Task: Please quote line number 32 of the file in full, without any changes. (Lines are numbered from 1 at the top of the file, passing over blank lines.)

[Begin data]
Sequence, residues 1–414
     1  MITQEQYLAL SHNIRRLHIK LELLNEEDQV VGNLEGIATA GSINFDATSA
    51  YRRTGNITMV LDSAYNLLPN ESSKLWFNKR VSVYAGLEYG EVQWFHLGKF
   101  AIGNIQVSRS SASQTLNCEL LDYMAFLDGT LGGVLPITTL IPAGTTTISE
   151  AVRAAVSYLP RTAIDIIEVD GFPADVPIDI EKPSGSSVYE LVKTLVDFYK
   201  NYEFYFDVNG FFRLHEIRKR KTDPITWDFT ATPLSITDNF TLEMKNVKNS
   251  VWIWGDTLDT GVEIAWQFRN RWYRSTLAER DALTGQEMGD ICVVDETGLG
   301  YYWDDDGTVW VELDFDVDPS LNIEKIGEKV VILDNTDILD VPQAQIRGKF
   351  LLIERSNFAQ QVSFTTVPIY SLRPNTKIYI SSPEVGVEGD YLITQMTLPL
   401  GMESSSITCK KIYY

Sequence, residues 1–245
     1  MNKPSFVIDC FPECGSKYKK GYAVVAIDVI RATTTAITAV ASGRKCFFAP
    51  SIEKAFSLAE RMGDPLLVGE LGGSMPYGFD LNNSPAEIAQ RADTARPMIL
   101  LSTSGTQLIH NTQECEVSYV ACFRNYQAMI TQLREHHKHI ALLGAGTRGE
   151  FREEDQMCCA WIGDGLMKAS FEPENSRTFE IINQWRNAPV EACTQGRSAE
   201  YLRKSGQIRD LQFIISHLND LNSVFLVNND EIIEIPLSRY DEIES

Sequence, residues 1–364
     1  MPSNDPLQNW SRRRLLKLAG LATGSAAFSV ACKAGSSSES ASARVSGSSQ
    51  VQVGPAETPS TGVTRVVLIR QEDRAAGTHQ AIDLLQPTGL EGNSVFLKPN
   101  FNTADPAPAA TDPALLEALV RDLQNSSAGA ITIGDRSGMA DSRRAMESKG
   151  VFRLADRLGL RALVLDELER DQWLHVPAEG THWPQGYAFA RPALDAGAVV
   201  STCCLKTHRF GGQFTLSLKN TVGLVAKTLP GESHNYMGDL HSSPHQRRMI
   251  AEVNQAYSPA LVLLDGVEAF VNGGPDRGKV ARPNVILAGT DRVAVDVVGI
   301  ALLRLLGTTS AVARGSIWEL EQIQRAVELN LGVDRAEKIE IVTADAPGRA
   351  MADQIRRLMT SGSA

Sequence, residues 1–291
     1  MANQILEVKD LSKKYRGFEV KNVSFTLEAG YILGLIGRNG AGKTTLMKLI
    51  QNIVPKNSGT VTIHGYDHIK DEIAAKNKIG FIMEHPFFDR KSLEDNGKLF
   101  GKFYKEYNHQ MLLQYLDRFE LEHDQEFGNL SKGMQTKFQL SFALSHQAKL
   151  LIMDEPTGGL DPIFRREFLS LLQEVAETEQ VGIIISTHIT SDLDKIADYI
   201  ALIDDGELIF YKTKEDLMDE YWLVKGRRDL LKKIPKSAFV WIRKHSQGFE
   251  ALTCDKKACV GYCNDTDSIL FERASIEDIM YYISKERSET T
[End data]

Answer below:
   251  ALTCDKKACV GYCNDTDSIL FERASIEDIM YYISKERSET T